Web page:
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Thread: Job Search Tips...Just my experience

  1. #1
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    Job Search Tips...Just my experience

    Job Loss...it just bites.

    I know I was pretty much in shock the first few days (weeks according to my wife). I took some time to get my ducks in a row and know what my options were. I was let go with about 700 others and my former employer had contracted Right Management to do some counseling classes to help us get re-acquainted with the whole interviewing process. Things had changed dramatically in the past 12 years since I last looked for a job.

    Luckily I had worked with our HR folks with implementing several of their job search/management tools, so I had some clue as to what I was up against. One major thing that had change was the "filtering" process. HR recruiters no longer read each resume coming in. They simply do a keyword search for the terms that they are looking for...very Google like. Keywords like iSeries, PHP, Java, Blackberry, etc. were the only words that they had to see for me to get noticed. The fact that I have no degree, just experience working with certain products or languages, these were the only qualifications I needed. Suddenly my webmaster skills of web page promotion became a very valuable asset to my job search.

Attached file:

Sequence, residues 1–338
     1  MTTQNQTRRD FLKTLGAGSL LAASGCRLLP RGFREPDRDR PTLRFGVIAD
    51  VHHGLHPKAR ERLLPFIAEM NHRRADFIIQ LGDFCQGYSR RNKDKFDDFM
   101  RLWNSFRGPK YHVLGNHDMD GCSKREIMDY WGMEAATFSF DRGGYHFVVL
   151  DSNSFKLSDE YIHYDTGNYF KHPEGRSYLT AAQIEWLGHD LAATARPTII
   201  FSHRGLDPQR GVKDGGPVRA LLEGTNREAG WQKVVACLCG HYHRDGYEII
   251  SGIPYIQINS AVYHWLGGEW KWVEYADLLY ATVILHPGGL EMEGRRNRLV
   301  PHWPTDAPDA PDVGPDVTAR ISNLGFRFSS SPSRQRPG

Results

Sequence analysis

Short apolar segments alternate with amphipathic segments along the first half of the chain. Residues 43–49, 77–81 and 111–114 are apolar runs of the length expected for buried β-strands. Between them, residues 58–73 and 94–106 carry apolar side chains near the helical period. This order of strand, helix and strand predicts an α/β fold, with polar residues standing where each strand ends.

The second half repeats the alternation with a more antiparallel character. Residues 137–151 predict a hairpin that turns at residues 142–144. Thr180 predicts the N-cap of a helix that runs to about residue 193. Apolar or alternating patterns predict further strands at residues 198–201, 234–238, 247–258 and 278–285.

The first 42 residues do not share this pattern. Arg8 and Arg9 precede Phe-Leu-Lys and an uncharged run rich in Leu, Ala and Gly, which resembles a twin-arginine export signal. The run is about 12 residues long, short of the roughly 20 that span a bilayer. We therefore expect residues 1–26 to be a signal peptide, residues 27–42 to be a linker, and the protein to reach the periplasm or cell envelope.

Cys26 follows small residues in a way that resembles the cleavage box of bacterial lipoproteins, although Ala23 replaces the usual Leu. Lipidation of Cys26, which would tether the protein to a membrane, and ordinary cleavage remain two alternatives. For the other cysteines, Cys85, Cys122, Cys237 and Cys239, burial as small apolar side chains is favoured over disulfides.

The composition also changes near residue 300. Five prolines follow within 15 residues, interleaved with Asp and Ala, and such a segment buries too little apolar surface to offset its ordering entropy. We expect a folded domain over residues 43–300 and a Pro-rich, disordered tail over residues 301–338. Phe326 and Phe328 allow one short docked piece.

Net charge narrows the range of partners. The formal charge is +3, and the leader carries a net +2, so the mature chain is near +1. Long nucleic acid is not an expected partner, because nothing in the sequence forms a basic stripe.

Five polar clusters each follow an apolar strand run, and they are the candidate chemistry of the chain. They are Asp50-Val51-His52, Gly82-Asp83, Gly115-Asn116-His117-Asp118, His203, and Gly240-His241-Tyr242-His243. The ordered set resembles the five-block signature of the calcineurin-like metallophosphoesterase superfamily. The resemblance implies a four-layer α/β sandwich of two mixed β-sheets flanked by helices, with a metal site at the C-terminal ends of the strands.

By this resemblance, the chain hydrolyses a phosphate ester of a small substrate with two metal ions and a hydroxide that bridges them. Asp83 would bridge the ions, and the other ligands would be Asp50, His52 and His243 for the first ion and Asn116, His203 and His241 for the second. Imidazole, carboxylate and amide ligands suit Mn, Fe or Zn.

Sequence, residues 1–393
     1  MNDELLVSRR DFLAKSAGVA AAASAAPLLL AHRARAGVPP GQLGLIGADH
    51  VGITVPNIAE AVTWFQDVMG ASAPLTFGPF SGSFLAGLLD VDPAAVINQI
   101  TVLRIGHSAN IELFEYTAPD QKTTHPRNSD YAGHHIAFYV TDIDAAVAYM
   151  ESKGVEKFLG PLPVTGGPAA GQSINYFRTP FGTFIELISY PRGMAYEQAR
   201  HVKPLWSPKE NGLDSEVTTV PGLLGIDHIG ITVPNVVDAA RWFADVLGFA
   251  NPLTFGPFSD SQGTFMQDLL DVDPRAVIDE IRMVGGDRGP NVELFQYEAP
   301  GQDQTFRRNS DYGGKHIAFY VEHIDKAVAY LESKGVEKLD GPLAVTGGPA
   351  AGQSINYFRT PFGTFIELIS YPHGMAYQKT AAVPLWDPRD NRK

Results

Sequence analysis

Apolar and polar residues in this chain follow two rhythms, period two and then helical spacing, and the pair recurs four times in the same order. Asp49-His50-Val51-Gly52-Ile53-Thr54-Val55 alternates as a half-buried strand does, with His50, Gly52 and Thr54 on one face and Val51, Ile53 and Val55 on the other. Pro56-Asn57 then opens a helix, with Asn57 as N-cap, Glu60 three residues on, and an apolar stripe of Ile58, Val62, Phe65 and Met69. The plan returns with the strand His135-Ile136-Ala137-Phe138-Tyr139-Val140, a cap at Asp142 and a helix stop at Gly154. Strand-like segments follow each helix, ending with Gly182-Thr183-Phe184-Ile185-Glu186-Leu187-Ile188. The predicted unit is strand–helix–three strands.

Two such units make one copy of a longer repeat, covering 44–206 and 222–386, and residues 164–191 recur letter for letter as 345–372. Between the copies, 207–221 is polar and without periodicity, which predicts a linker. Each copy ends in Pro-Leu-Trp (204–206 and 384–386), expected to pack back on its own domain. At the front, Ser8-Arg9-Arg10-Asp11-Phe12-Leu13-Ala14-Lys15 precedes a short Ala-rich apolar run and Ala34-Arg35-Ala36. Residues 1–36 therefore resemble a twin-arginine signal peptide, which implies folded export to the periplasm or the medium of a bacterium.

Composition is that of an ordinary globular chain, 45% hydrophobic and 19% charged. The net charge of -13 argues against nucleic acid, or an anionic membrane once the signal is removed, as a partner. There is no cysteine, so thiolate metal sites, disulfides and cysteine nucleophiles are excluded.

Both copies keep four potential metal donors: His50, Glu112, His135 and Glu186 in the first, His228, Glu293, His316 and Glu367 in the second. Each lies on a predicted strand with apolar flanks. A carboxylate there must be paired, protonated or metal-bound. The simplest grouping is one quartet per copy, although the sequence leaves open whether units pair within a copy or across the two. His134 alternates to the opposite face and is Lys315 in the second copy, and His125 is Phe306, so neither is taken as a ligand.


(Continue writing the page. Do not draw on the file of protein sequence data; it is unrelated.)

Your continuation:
Today's recruiters are, as with any other corporate department, utilizing the tools that their budgets afford them. Luckily there are many widely used and popular job search tools available that are free to use...and they use them too.

    LinkedIn - is one of the most utilized tools for job search and leads...it's free to use, but some companies do pay to do the advanced searches. I found my latest job through LinkedIn.

    At first I added many of the co-workers that had gotten laid off with me as contacts. I had all kinds of recruiters requesting to be one of my contacts. At first I denied them, I felt they were just probably just trying to see who my contacts were. After some thought, I realized that one of these recruiters could be looking for someone with just the right qualifications that happen to know...why deny my friends of the opportunity. So I started letting these folks in, which happened to be how I was contacted as well for the job I have today. It's about networking...either use it or you may be passing something good up.

    Career Builder - is another great tool for job searches. It allows you to create multiple resumes that can be tailored to the jobs that you are applying for, which you should do. The site allows you to setup keyword searches of your own and receive notifications when new jobs matching your search become available to post for.